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Connexus : Issue 40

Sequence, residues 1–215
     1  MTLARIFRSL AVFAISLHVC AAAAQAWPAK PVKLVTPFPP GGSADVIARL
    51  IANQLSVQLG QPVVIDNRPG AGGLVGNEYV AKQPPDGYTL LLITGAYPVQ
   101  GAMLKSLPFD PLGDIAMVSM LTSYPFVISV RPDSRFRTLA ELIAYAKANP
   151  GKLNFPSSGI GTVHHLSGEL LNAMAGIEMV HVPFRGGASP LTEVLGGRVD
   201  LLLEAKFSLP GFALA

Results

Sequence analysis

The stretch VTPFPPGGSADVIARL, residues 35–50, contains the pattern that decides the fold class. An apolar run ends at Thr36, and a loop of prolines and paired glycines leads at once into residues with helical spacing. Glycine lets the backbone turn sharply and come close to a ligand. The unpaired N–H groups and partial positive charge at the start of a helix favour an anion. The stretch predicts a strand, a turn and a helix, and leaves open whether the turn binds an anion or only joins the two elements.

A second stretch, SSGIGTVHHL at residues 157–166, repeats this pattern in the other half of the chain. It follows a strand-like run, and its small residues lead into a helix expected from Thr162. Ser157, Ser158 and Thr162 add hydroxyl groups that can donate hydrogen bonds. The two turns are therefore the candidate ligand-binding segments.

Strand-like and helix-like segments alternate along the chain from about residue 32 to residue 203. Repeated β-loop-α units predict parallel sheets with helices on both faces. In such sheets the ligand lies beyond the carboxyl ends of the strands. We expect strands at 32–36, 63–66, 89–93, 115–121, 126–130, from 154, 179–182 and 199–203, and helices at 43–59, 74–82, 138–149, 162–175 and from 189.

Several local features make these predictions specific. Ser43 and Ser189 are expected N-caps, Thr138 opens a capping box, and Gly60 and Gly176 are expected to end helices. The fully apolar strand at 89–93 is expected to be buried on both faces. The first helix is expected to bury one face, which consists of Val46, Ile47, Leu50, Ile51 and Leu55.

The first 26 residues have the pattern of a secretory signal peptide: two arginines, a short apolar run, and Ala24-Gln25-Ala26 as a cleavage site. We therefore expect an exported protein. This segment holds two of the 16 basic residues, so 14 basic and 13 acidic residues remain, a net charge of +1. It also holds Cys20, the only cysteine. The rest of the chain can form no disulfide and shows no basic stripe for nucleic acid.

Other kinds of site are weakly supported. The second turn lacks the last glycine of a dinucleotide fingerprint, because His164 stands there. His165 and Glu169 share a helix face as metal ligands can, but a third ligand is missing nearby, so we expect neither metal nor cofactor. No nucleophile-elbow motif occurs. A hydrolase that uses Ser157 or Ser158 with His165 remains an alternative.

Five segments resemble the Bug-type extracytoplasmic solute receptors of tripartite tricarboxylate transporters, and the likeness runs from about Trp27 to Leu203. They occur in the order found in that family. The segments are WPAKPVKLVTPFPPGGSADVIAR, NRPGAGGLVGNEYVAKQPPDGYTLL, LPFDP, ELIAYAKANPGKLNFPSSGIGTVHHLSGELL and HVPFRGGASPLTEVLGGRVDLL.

The Reser ve Bank is expected to decide in July the way forward in its regulatory oversight of Eftpos, Australia's domestic debit card scheme. Also on the RBA's agenda is a greater role in directing infrastructure developments in the payments system. RBA Governor Glenn Stevens said recently that “innovation in the customer- facing technology is moving at a pace much greater than the underlying infrastructure". “No matter how much time, effort and money a fnancial institution puts into its own systems and the ways in which customers interface with those systems, the payments ser vice it can provide is only as good as the arrangements that allow payments to pass between institutions," Stevens said. "These arrangements are in the cooperative space [but] cooperative decision-making between competitors is notoriously diffcult.” The Gover nor fagged a move on governance ar rangements in the payments industry to improve collective decision-making. The RBA's oversight of Eftpos, set up in 2004, is now looking dated with the development and evolution of EFTPOS Payments Australia Limited (EPAL) and its rules and membership. Given EPAL's move to a common multilateral interchange fee schedule in October 2011, the RBA sought industry views as to whether the original "designation" of Eftpos remains relevant. The RBA's discussion paper fagged two options regarding the defnition of the Eftpos system to be adopted in a new designation should it be required to support future regulation of the system. Under the frst option, the designation would rely on a defnition of the Eftpos system based on EPAL's rules and membership. The second option is to adopt a broader defnition of the Eftpos system that lies outside the scope of EPAL r ules and membership. Submissions to the RBA were divided between the two options. Transparency and competition vital Abacus supports ongoing designation of the Eftpos system based on EPAL rules and membership. "We believe this approach best ser ves the public interest until a fnal decision is made on the future of the broader framework of the Eftpos system," says CEO Louise Petschler. "The introduction of a common multilateral interchange fee schedule for the Eftpos system provides transparency and promotes competition in the payment system," she says. "It is disappointing that, three years after EPAL was established, bilateral interchange arrangements persist. "Large retailers, such as Woolworths, continue to beneft from bilateral Eftpos interchange fee arrangements. This continuing faw in the system disadvantages small card issuers compared with large banks, and disadvantages all small retailers against the two biggest retail companies," Petschler says. Luke Lawler is senior manager – public afairs at Abacus. New payments rules are imminent Eftpos and payments infrastructure are in the RBA's sights. BY LUKE LAWLER Innovation in the customer- facing technology is moving at a pace much greater than the underlying infrastructure. Glenn Stevens, Governor, RBA NEWS www.abacus.org.au 9